- Any special populations, such as players in wheelchairs, developmentally challenged groups and so on (and the accommodations these players may need)
Question 4: Court Use
What types of programming will you have? Make a list of current or planned offerings, including lessons, clinics, round-robin play, block time for team practices, Cardio Tennis and more.
Question 5: Amenities
What does your existing facility have, and what would you like to add? If building from the ground up, prioritize the things you need, the things you’d like to have and more. A partial list for consideration:
- Utilities (electricity, water, septic, etc.)
- Shaded or covered areas between or beside courts (or picnic tables, benches or other furniture for players)
- Spectator areas
- Locker rooms, showers and rest rooms
- Vending machines or concessions
- Room to store equipment like maintenance equipment, ball hoppers, ball machines, pop-up nets for 10U tennis, etc.
- Fencing (with or without windscreen)
- Backboards or hitting walls
- Divider nets between courts
- Trash cans/recycle containers
- Whiteboards, bulletin boards, etc.
- Pro shop, registration area or other conveniences
- Public address system
Put It All Together
Create a prospectus with the answers to the questions above. Once you have this information in hand, you’ll be ready to work with a design partner.
There are design-specific firms, as well as companies that provide both design and construction services. One of the most popular construction delivery methods is the Design/Bid/Build, or Competitive Bid, approach. In this format, the owner engages a design firm to devise a facility design, prepare construction drawings, specifications and construction documents and put the project out for bid. General contractors then prepare bids based on these documents.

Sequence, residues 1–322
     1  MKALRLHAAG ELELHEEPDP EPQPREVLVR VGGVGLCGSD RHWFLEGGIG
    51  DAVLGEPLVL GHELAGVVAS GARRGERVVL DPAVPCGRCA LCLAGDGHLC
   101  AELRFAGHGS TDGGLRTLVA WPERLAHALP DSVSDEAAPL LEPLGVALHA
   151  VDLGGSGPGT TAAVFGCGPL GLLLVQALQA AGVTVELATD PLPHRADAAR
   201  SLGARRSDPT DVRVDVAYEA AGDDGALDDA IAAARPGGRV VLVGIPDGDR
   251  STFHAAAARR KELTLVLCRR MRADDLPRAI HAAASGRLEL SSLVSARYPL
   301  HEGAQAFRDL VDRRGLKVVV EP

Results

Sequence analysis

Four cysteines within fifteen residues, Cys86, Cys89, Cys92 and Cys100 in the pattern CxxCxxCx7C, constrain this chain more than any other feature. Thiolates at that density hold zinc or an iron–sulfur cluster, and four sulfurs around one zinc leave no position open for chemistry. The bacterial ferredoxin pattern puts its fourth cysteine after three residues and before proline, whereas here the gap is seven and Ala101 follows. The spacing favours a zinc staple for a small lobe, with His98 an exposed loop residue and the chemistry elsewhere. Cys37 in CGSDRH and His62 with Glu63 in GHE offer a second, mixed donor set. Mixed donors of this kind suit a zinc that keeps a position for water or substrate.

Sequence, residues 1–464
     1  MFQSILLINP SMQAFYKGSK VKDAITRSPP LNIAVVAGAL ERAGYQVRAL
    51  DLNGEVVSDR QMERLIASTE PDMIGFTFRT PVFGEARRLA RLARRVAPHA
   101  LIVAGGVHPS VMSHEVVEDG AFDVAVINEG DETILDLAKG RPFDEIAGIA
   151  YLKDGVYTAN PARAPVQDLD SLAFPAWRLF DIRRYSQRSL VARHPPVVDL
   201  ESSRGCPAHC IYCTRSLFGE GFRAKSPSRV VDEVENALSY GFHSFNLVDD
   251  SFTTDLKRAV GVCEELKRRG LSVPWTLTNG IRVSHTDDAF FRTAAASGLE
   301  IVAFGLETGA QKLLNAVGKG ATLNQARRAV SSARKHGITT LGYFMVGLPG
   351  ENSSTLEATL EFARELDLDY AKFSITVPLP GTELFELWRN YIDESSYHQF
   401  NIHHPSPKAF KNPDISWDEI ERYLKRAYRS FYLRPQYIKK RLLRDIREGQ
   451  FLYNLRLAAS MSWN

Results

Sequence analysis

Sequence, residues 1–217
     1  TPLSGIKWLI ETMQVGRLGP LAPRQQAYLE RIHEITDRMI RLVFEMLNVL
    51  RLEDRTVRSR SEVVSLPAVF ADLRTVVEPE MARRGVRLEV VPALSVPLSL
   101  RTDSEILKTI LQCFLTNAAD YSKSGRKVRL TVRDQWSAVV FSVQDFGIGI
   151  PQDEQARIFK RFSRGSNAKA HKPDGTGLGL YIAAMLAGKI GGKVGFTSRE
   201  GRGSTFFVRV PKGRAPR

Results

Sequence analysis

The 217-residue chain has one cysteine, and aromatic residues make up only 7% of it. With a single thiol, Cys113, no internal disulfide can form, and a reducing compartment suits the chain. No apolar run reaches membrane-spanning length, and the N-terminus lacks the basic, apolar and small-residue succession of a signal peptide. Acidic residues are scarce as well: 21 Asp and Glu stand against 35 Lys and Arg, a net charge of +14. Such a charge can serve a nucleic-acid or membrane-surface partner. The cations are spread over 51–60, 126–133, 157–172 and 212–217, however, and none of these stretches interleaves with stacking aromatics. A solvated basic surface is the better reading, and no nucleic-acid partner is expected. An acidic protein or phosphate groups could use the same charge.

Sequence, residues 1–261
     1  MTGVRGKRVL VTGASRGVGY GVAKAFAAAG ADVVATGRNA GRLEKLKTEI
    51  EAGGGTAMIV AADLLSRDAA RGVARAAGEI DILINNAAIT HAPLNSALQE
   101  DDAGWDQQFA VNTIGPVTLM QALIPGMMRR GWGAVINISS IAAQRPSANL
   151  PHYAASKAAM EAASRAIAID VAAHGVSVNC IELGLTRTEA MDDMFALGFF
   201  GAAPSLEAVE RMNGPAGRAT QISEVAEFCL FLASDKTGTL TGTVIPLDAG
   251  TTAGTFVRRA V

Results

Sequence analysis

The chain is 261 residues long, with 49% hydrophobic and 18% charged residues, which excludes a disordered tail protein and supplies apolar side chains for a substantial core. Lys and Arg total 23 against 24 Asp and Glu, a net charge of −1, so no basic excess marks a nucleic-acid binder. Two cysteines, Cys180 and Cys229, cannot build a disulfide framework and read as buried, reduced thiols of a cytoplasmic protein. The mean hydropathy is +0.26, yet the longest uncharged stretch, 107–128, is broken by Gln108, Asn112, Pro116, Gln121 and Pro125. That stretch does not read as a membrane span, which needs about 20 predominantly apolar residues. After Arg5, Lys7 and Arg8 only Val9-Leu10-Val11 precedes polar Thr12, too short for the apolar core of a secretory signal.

A second process is the Design/Build construction procurement process, in which the owner contracts with a single company that is responsible for both the design and construction of the project. Other methods, such as Negotiated Agreements and Construction Management Projects, are also used, but these are generally reserved for very small projects (Negotiated Agreements) and very large and complex projects (Construction Management Projects).
Choosing the Right Partner
Choosing the correct partner for either Design/Bid/Build or Design/Build will be the key to success. Tennis court construction is a highly specialized field and calls for knowledge of the sport, the products and techniques, the surfaces and all the accessories and amenities needed. A tennis court, though relatively flat, is not a parking lot, nor is it simply a floor. It must be constructed to specific tolerances in order to be considered appropriate for sanctioned play.
Seek out experienced contractors. Check references and ask to visit projects they have completed. Contact the American Sports Builders Association (ASBA) and ask about a directory of members. In addition, ASBA conducts a voluntary certification program, in which individuals can earn the Certified Tennis Court Builder (CTCB) designation. (See page 34 for more information about this
The professional partner you choose will work with you to design the facility that best meets your needs. That partner will understand issues such as soil conditions, grading, drainage, storm-water management and more, and can help you negotiate the maze of permitting and code enforcement.
The path from drawing board to completed facility is a complex one, but it is not impossible. By bringing as much information as you can to the table, you will be ready to be a partner, rather than a bystander, in the process.
See all articles by Mary Helen Sprecher
About the Author
Mary Helen Sprecher is the managing editor of Sports Destinations Management Magazine, a niche business-to-business publication for planners of sports travel events, in addition to being an RSI Contributing Editor. She is the technical writer for the American Sports Builders Association and works as a newspaper reporter in Baltimore City.